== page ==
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Journal Article


Yu SM, Newport-Berra M, Liu J. J. Sch. Health 2015; 85(5): 281-288.


Division of Research, Office of Epidemiology & Research, Maternal & Child Health Bureau, Health Resources & Services Administration, 10-77, 5600 Fishers Lane, Rockville, MD 20857.


(Copyright © 2015, American School Health Association, Publisher John Wiley and Sons)






BACKGROUND: Structured out-of-school time (OST) activities are associated with positive academic and psychosocial outcomes.

METHODS: Data came from the 2007 National Survey of Children's Health, restricted to 36,132 youth aged 12-17 years. Logistic regression models were used to examine the joint effects of race/ethnicity and immigrant family type on the participation in OST activities.

RESULTS: Compared with US-born (USB) non-Hispanic White youth with USB parents, USB Hispanic youth with USB parents were less likely to participate in sports, whereas non-Hispanic Black youth with immigrant parents were more likely to participate in sports. White youth with at least 1 immigrant parent had higher odds of participating in after-school clubs. All Hispanic youth were less likely to participate in after-school clubs. USB Hispanic youth, USB Black youth, and White youth and "other" youth with at least 1 immigrant parent had higher odds of engaging in community services. Youth from immigrant families had lower odds of doing paid work.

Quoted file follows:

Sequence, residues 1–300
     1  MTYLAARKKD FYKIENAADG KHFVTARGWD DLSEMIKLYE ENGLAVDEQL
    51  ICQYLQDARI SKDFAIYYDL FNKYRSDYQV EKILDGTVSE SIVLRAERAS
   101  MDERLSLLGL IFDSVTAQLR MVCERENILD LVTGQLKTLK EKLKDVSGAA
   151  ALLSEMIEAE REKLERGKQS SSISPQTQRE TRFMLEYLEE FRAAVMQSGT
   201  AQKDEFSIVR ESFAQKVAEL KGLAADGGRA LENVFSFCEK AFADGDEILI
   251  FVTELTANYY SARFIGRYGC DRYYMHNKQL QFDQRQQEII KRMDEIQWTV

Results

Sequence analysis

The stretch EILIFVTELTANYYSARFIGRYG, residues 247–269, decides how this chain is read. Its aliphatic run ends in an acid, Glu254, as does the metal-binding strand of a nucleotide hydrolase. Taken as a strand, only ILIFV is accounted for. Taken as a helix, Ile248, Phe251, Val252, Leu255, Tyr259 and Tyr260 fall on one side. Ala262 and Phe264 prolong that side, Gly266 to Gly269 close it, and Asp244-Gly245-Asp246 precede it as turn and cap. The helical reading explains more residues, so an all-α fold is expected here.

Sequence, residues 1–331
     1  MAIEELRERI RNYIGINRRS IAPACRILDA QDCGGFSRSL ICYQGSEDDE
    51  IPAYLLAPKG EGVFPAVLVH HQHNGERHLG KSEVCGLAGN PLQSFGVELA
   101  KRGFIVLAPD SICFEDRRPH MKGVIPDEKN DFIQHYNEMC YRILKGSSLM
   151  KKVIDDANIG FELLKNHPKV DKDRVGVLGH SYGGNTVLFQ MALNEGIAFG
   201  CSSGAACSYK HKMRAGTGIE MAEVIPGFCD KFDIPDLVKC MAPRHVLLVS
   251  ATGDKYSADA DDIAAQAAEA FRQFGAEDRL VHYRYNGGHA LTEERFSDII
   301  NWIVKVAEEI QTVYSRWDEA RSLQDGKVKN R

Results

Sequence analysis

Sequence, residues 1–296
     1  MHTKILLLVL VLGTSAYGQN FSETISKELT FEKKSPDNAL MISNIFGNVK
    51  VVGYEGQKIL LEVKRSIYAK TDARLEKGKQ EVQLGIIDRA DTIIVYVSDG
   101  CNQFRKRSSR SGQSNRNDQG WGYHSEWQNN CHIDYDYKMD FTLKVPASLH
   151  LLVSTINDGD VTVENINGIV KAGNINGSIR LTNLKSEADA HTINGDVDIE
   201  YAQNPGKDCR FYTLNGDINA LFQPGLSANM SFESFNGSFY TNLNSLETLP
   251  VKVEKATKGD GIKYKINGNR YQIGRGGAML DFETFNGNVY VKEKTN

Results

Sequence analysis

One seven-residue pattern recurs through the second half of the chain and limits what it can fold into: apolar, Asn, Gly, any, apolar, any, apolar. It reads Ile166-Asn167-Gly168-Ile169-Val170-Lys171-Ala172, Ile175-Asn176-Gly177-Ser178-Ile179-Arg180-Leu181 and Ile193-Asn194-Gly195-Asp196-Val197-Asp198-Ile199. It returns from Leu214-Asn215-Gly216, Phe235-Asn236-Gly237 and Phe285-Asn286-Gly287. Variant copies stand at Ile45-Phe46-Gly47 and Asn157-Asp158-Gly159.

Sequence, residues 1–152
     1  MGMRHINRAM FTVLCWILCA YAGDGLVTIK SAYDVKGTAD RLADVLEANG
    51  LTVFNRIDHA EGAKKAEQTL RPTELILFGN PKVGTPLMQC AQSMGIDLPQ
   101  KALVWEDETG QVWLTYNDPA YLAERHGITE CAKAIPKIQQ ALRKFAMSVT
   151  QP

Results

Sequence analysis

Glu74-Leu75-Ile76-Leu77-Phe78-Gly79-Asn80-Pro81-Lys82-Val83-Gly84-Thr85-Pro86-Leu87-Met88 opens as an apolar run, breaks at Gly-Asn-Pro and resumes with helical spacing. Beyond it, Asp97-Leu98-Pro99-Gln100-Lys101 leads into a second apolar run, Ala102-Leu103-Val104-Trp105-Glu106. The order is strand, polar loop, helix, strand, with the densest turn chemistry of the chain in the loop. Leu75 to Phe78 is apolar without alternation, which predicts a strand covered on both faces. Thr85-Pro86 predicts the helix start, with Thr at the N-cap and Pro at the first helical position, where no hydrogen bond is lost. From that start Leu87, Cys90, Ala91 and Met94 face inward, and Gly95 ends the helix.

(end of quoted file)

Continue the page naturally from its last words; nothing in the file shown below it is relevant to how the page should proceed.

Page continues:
CONCLUSIONS: Hispanic youth were less likely to participate in OST activities. Non-Hispanic youth with immigrant parents did not engage in fewer OST activities compared with USB White youth with USB parents. Intervention and recruitment strategies for OST activities may need to be customized for immigrant groups.

Language: en


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